The airfield provided support for Army One from 1957 to 1976 for presidents Dwight Eisenhower, John F. Kennedy, Lyndon Johnson, Richard Nixon, and Gerald Ford. Its role of support for the presidential helicopter ended in 1976 when responsibility for the helicopter was transferred to the United States Marine Corps. The Civil Air Patrol National Capital Wing uses a small tower for use during exercises and flights, and bases four small airplanes there, the Wikipedia page stated.
“Presently, the Army conducts continuous airfield and transportation operations in support of the National Capital Region, and Military District of Washington,” Richards said.
On “Nextdoor Newington,” an interactive website where residents discuss various issues, the helicopters at Davison has caused a stir, even pitting some residents against one another. Responses came from Lorton Station, Terra Grande, Pohick Estates, Newington and Lorton. “I moved here 25 years ago and it was so quiet I didn't even know Davison was there for years. And in all these years, I've never heard air traffic as bad as it has gotten in the past year,” said one resident. “Military helicopter traffic is heavy this morning and some are flying just above the treeline,” said another.
Then there was the airfield supporters. “Sorry — lived here all my life and my husband and I thoroughly enjoy this. We sit on our deck, identify each type and wave as they go overhead,” said one.
“Maybe you shouldn’t have bought a house near a military airfield if noise bothers you,” said another. The banter went back and forth.
“It's perfectly normal for people to speak up and to complain about something that's bothering them in the community, in their own homes,” someone stated.
Capps is part of Nextdoor Newington too, and was among a few on Nextdoor that were called “unpatriotic,” but felt that was a little much. “We should be able to live peacefully in our home,” she said.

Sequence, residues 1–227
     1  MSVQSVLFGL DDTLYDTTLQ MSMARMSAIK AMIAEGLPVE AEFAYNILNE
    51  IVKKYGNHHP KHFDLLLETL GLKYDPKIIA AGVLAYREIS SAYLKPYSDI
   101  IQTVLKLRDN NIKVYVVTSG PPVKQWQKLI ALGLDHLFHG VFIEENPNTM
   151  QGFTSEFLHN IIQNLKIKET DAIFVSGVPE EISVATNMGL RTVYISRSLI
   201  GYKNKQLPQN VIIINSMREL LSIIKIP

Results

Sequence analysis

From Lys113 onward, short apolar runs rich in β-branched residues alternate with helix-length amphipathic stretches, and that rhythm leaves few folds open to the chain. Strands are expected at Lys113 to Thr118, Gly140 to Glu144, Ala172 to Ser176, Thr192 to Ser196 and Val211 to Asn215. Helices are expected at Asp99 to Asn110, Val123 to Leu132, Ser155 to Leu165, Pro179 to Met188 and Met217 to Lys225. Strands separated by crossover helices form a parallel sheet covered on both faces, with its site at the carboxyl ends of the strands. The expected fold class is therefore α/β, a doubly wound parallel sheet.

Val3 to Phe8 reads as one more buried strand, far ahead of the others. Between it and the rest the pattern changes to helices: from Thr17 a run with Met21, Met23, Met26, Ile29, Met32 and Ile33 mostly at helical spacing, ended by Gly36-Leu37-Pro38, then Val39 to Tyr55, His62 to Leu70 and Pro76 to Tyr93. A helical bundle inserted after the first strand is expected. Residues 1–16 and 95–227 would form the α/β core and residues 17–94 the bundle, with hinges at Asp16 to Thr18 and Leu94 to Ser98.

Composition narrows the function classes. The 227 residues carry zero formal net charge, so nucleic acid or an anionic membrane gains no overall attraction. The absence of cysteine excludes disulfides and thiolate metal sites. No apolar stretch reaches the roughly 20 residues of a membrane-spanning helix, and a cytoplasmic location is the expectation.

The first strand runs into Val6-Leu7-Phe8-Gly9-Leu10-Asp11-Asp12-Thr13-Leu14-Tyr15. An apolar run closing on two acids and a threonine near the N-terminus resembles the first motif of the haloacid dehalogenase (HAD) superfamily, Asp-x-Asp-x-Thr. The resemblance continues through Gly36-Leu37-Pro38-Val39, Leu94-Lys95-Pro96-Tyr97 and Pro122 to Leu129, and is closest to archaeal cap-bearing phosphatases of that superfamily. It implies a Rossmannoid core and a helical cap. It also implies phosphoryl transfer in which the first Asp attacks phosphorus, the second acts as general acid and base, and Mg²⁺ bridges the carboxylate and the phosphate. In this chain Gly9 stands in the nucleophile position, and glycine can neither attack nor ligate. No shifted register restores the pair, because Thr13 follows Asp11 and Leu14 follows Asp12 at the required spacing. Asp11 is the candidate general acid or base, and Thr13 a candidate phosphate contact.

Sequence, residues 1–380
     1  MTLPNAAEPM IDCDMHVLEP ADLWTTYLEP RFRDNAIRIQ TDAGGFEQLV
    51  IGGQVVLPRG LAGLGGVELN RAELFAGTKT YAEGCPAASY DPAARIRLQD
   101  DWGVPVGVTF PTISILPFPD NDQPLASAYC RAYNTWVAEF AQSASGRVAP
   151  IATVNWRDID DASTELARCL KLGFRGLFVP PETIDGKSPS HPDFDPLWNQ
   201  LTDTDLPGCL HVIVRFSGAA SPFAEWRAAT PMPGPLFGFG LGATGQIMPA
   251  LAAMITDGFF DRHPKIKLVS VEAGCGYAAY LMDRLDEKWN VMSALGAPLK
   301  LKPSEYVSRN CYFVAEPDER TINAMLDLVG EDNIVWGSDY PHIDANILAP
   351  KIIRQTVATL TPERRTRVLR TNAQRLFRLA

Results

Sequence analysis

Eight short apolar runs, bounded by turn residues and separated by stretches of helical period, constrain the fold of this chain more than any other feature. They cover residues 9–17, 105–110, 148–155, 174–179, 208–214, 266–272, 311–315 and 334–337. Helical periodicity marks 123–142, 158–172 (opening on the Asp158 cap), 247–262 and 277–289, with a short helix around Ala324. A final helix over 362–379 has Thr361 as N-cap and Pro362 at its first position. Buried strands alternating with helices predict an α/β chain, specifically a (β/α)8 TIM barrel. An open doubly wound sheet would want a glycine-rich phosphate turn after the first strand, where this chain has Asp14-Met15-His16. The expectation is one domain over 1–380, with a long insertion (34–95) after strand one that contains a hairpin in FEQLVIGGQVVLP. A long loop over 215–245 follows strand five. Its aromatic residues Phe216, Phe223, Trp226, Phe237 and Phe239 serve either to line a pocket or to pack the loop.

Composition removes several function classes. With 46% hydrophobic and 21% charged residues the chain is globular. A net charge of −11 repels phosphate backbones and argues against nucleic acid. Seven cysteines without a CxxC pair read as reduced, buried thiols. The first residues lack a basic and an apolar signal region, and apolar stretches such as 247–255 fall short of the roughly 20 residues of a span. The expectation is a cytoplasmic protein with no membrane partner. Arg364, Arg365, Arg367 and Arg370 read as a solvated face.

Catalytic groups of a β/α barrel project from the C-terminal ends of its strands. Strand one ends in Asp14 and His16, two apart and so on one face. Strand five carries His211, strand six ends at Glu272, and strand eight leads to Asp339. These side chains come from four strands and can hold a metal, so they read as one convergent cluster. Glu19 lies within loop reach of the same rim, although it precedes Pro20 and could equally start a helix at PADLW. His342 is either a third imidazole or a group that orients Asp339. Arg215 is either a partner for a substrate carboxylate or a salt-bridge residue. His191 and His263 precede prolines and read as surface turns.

The comments continued: “I used to command the unit that is at Davison Army Airfield and flew the same helicopters you are complaining about. The airfield has been there long before Laurel Hill was a thought. Frankly it’s not that loud. I echo what everyone else has said. Get over it. Move. Something.”
Joan Johnson is part of Nextdoor Newington, and communicated with Fort Belvoir in 2013 about the same issue, which she says has gotten better since then. The spokesperson at Fort Belvoir at that time said “the operators tell me that, while it appears the aircraft are flying low, they are in fact at or above flight level.”
On the Fort Belvoir website, it states that “the Community Relations Branch is responsible for all aspects of the command’s community relations program to include developing understanding and support of the missions and functions of Fort Belvoir and being good neighbors by fostering relationships and understanding the needs of surrounding communities.” Capps feels that this can be resolved with the flight situation going back to the way it was a few years ago with limited hours and adjusted altitude requirements. Maybe the helicopters could limit to flying over Fort Belvoir land, she thought. These are on Beyer’s list too.
Her house location isn’t that close though. “It’s much worse for some people,” she said.